How to Capture Fireworks with Your Smartphone

For those of us in the United States, this upcoming weekend brings us the reminder of becoming a free and independent nation, but more importantly it brings out awesome fireworks. 

I have dabbled a bit with fireworks photography with my big camera but really have not played too much with my mobile phone as much as I should have.  Recently I went to a Seattle Mariner's game which ended with a Star Wars themed fireworks show.  I thought to myself, this would be a good article for folks since the Fourth of July is right around the corner.  Of course I had not thought it through all the way because I used my native camera to capture the shots in this article.

This article will contain tips and techniques that are repeated in other articles but take heed and see why I think it's important for trying to capture fireworks.  

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Go Find You Some Firework Apps!

Safeco Mariner's Star Wars Fireworks Show 2015. Brad Puet

Truth be told, the native camera on most smart phones will capture  good photos of a fireworks show.  Some photos may even have that "wow" factor to them.  If you want to increase your chances of getting amazing shots of fireworks, then you really should get some apps on your phone now, start playing around with them at night, and get ready for this weekends fireworks show!

Here's a list of apps that can capture fireworks at night using long exposure techniques:

iOS: LongExpo  Slow Shutter  Slow Shutter Cam VSCO Cam  

Android: Camera FV-5   Night Camera

Windows Phone:  Blink


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Do Not Use The Darn Zoom!

Safeco Mariner's Star Wars Fireworks Show 2015. Brad Puet

You absolutely lose resolution when you zoom in for a shot with a smartphone, as those of us who have ever photographed our kids’ school recitals in zoom modes now now. Use the widest possible framing so you use every one of those lovely pixels, then know you can always crop later.

I know I probably sound like a broken record, but it's crucial for you to understand and train yourself not to ever use that feature on your phone.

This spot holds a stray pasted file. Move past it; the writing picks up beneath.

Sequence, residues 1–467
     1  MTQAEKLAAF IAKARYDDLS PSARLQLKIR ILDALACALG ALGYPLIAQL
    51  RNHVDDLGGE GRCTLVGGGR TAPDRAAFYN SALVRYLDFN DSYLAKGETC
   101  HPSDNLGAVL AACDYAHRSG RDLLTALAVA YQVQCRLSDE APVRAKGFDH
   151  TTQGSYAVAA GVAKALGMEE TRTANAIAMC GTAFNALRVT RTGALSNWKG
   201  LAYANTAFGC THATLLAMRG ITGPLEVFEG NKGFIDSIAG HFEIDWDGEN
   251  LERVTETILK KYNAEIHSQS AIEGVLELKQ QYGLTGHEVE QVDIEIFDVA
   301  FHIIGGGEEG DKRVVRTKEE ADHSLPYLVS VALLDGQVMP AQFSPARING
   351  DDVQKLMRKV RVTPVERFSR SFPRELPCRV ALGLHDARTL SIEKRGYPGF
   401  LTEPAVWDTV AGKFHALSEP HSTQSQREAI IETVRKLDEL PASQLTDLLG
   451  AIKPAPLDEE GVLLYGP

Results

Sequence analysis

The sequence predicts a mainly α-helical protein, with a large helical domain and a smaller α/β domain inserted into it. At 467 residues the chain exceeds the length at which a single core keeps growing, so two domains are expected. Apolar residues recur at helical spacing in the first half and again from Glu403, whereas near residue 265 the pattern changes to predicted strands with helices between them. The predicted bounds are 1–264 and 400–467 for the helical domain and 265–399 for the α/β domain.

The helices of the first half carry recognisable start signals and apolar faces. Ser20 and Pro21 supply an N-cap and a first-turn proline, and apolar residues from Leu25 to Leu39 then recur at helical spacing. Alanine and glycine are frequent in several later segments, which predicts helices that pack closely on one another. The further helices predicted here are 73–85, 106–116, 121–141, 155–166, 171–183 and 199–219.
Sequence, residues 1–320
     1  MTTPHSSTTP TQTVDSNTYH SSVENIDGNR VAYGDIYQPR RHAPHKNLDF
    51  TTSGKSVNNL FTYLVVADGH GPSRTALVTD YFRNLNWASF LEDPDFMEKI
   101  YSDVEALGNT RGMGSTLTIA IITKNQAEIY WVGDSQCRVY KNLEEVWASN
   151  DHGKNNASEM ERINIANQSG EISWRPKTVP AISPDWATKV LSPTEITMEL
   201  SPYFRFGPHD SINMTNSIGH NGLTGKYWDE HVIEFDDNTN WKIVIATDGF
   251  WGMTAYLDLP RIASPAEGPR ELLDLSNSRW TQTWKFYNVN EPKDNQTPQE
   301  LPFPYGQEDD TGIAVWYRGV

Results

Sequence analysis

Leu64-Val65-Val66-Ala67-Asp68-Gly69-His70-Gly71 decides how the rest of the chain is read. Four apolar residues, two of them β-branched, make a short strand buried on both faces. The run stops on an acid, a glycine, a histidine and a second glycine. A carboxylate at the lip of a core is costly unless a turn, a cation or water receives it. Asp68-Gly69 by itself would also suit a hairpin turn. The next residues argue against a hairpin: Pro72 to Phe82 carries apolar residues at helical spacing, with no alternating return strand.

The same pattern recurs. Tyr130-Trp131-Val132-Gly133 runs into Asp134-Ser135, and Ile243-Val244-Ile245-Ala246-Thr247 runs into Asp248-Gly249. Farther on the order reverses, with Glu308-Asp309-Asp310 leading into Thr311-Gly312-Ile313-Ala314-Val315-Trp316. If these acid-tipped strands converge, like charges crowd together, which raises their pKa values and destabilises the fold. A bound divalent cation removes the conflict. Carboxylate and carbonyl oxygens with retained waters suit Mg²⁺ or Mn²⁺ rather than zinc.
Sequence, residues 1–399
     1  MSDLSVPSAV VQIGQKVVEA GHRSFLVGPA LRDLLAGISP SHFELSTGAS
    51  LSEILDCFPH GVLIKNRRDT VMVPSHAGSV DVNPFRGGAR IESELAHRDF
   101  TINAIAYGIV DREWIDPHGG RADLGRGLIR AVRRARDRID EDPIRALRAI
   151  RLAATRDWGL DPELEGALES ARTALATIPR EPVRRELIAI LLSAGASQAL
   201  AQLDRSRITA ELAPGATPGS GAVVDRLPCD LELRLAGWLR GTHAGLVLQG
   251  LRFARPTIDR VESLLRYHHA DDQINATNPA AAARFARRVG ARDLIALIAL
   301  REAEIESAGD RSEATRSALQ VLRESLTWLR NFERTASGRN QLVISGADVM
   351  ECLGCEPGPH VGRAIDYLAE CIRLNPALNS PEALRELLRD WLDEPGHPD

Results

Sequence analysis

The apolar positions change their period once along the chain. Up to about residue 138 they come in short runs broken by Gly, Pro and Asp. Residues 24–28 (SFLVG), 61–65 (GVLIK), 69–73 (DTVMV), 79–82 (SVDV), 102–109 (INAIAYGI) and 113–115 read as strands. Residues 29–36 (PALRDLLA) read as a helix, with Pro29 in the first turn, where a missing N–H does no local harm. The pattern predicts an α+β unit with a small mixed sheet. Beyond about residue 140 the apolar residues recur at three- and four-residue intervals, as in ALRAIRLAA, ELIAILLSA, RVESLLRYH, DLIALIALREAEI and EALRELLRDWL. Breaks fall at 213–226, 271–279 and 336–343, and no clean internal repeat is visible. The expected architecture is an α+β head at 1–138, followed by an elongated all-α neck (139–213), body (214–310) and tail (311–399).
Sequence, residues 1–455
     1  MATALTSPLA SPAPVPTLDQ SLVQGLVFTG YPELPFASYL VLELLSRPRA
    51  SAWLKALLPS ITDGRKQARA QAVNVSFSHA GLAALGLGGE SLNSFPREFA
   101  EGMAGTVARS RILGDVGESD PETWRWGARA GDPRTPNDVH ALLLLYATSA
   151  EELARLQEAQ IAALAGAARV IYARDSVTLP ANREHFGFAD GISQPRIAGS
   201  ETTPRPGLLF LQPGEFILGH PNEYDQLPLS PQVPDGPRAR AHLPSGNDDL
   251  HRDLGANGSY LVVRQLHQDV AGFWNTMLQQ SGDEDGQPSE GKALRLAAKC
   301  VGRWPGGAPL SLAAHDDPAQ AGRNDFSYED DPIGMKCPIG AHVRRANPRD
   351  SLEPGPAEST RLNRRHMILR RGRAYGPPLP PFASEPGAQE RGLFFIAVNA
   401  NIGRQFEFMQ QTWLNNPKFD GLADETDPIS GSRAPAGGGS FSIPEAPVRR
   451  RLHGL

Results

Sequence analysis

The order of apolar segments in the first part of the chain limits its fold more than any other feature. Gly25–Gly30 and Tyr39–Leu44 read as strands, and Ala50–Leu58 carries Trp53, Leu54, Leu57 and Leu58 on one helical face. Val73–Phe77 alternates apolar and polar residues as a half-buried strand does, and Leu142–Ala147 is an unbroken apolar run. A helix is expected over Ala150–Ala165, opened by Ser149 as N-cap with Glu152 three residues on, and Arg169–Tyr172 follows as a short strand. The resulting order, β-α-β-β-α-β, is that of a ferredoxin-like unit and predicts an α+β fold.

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The Early Bird...Well You Know the Rest!

Safeco Mariner's Star Wars Fireworks Show 2015. Brad Puet

The show will always lead up to a great finale.  Of course you should be taking photos of the finale.

I think in the beginning of the show or even going into the first 3-5 minutes of a show, you will find that its the "cleanest" photos you will be able to take of the fireworks.

The more you get into the show, the more smoke will accumulate in the sky.  That is not the great news if you are a newbie, or if you’re expecting to get some awesome shot of the grand finale–which hey, you still might. But truly, a few great shots is all you need and if they come early, you can spend the rest of the time just experimenting. Or enjoying the show.

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Focus, Man (Woman)! AND Turn Off That Gosh Darn Flash!

Safeco Mariner's Star Wars Fireworks Show 2015. Brad Puet

This should be fairly obvious, but in shooting something in the distance, make sure to tap your screen to lock on the actual firework explosion to make sure that’s what’s in focus, and not the buildings, or worse, the heads of the people in front of you.

And as for that flash of yours, do you really think you’re going to light the sky? Your flash will light foreground objects, and fireworks in the sky are not foreground objects. That’s all I will say about that. Well until my next mobile photography tips article where I will need to remind readers. =)

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Aye Eye, Captain. Steady She Goes!

Safeco Mariner's Star Wars Fireworks Show 2015. Brad Puet

A shaky hand, even in the teeniest way, kills the photo. You’ll be shooting with your mobile device, so use something like Joby’s Griptight Microstand. Though I'm still a fanboy of the original GorillaPod from Joby, which can prop up any of the above, and lets you safely tether it to a railing, a tree, or just prop it on a stoop.